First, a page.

decide if they wanted the public to know why they were living together‖ [Jerusalem Post Feb. 12, 1993]. I concur; this is a matter of tziniut – modesty, and every person is entitled to modesty. Goren's approach is a far cry from what we hear in the Orthodox Jewish community in Israel and in this country today. If nothing else, it is far better that homosexuality be a sin of omission, rather than commission. If we lack the tact that is required to offer admonition as prescribed in our Torah, and defined by the Halchot pertaining to admonition, then it would be far more laudatory to not say anything at all especially if we know for certain that the person we are "admonishing" will not,or, more precisely, "cannot" listen. The Talmud in Arachin states in the name of Rabbi Elazar Ben Azaria, " But I wonder: Is there is anyone in this generation who has the ability to offer tokecha [admonishment]? On the basis of this sentient statement, the Hazon Ish in his commentary to the Maimonides' Hilchot Dd'ot wrote: "Nowadays we do not know how to admonish, as indicated by R. Elazar Ben Azariah, every person is considered as if he had not received tokecha admonition, so that his wicked deeds are regarded as being involuntary, and it is therefore a mitzva to love him." Today is no less true than it was thousands of years ago we lack the ability to persuade. While this perspective does not eliminate the Biblical animus against homosexuality, this approach does make it easier for the homosexual Jew to function more comfortably within a more observant community. Today's society's preoccupation with homosexuality borders at the times, on the perverse. No normal heterosexual man would be that interested in homosexuality. Of course, for many, we fear what affects us the most. In Israel, the Haredim are mainly interested in hiding the fact that homosexuality has invaded even their own religious community. I suspect that the battle over homosexuality is in part, aimed at denouncing the non Orthodox, who have made a serious effort to confront the problem in light of Jewish tradition. The Halacha dictates that we not inquire about a person's sexual habits with heterosexual people, so too it is inappropriate to ask someone about his/her homosexual orientation. To make a public issue of this, is contrary to all the sacred principles of Tzninut [modesty] and a fundamental violation to a person's right for privacy [hezek riyah shimay hizek] and let's not forget the heinous sin of loshon hara. How should the very pious among the religious act towards the gay Jew? I would argue from their perspective, the gay Jew should not be treated any differently than a Jew who fails to keep kosher or the Shabbat if anything, the homosexual deserves genuine understanding and compassion since it is not a matter of choice, his sexuality simply is what it is. But, what are the alternatives for the homosexual observant Jew? To remain alone, and condemned to a lifeless martial relationship? To be bereft of fatherhood? For those who would want to force every homosexual into a heterosexual marriage and fatherhood in order to continue Jewish society, we must ask these meaningful questions: What kind of Jewish society will it be with self denying, unhappy, forced spouses and fathers? What effect will this have on the children? What about his poor wife? Logic dictates a better approach, a wiser approach one which does not destroy Jewish lives through hypocrisy and lovelessness. In response to your original question about having a family, you may want to consider adopting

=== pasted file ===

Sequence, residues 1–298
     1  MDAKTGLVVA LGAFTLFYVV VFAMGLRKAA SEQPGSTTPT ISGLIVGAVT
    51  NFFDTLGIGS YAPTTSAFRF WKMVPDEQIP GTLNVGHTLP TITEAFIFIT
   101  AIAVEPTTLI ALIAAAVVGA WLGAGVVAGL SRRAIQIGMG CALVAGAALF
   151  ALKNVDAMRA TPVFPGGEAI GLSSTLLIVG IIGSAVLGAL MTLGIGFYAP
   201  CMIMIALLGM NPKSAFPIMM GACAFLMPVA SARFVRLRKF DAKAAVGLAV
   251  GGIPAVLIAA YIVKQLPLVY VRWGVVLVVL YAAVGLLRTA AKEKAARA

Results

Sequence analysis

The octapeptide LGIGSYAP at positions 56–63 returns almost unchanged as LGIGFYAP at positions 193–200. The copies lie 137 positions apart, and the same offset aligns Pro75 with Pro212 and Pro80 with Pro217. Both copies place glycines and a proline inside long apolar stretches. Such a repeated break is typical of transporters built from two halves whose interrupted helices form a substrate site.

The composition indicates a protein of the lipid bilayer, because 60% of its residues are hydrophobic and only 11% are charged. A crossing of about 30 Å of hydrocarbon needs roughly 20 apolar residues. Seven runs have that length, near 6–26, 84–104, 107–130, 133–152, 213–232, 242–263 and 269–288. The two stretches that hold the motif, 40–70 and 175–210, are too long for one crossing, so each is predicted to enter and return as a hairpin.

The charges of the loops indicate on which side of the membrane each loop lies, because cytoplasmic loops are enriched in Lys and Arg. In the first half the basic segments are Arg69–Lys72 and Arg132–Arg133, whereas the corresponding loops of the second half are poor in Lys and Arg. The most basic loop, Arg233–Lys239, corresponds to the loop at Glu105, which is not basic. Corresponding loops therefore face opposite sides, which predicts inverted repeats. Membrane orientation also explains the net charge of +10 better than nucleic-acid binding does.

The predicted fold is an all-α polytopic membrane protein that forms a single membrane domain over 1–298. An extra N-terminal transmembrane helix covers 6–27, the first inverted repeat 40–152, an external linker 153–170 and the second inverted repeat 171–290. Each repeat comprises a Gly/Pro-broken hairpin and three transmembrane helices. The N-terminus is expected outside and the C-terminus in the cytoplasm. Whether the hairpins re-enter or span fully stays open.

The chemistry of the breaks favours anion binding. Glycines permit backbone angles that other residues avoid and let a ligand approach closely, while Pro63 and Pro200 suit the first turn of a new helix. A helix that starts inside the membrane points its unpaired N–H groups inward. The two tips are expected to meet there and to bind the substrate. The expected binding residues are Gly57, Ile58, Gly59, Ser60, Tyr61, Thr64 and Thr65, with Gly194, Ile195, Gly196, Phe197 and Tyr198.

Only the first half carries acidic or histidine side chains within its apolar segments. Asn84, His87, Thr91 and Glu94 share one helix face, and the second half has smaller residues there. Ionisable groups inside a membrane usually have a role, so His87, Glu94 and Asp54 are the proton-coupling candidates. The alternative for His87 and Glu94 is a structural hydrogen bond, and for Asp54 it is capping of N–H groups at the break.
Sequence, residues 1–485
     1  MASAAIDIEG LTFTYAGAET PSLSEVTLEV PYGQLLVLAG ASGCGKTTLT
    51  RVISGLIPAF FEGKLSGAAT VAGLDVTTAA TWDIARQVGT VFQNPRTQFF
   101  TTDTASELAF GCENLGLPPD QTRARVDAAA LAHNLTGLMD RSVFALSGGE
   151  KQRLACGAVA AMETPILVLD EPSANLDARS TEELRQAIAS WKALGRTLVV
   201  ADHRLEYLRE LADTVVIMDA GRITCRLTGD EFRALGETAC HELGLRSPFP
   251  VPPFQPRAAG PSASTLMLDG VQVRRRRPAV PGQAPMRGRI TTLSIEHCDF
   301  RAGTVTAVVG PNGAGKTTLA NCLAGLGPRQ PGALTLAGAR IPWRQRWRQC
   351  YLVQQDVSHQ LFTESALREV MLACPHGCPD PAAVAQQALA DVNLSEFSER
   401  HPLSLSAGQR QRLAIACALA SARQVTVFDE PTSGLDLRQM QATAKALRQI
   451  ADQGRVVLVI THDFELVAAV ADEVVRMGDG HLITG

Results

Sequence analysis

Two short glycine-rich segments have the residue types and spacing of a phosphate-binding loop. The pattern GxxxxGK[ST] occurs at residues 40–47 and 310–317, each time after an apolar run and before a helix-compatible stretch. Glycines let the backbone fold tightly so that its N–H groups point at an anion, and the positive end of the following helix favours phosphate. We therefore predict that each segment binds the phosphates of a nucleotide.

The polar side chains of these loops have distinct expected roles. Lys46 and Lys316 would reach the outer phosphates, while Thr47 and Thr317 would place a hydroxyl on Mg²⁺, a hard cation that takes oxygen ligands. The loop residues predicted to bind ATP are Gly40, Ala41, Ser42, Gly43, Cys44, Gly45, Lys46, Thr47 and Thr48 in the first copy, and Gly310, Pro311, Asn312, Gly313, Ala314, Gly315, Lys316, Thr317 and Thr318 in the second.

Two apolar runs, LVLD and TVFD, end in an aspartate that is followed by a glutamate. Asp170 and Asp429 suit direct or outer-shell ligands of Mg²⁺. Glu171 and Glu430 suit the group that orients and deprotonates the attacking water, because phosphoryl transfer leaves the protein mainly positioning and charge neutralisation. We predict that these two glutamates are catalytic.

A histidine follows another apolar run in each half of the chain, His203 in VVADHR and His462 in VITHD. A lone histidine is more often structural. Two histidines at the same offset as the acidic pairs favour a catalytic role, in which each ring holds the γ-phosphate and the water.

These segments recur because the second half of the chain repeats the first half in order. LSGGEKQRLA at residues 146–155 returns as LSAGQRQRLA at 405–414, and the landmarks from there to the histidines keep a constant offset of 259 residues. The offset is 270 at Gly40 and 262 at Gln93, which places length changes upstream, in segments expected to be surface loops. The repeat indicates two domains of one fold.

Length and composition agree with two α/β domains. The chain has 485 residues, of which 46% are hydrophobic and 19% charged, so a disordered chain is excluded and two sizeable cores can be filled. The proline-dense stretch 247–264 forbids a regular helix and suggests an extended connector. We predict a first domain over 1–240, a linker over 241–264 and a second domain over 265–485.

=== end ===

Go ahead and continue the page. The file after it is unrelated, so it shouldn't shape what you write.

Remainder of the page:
a child. Please consider the following: according to a number of Halachic sources, there are objections one could raise especially when we consider how imitative children can be. Yet, we must remember also that in a society such as ours, it is impossible to insulate young adults from ever having to deal with homosexual people. As the child grows into an adult, s/he will see that the world is a complicated place. We cannot live in a little Halachic Biosphere where children grow up oblivious to reality. Of course there are a plethora of emotional issues that makes this a particularly thorny problem. If heterosexual parents have difficulty raising children and dealing with their emerging sense of sexuality, how prepared is a gay parent? Nevertheless, if you know in your heart of hearts that you can be a good parent, then by all means, adopt a child and create for him a Kosher Jewish home. It seems to me, in light of scientific data, that most children will follow their most natural sexual orientation. If you are a loving man whose heart is full of compassion, I would not let your homosexuality get in the way of you being a parent. I would have no more qualms of you raising a child than I would with a parent who adopts child who grows up in a nonobservant Kosher home—especially if you dedicate your child to becoming a proud and observant Jew. Indeed, this would be a great Kiddush Hashem. There is a very moving passage that in the Book of Isaiah that may be an allusion to the plight of the religious homosexual: For thus said the Lord: AAs for the eunuchs who keep My sabbaths, Who have chosen what I desire And hold fast to My covenantC will give them, in My House And within My walls, A monument and a name Better than sons or daughters. I will give them an everlasting name Which shall not perish. As for the foreigners Who attach themselves to the Lord, To minister to Him, And to love the name of the Lord, To be His servantsC All who keep the sabbath and do not profane it, And who hold fast to My covenantC I will bring them to My sacred mount And let them rejoice in My house of prayer. Their burnt offerings and sacrifices Shall be welcome on My altar; For My House shall be called A house of prayer for all peoples.@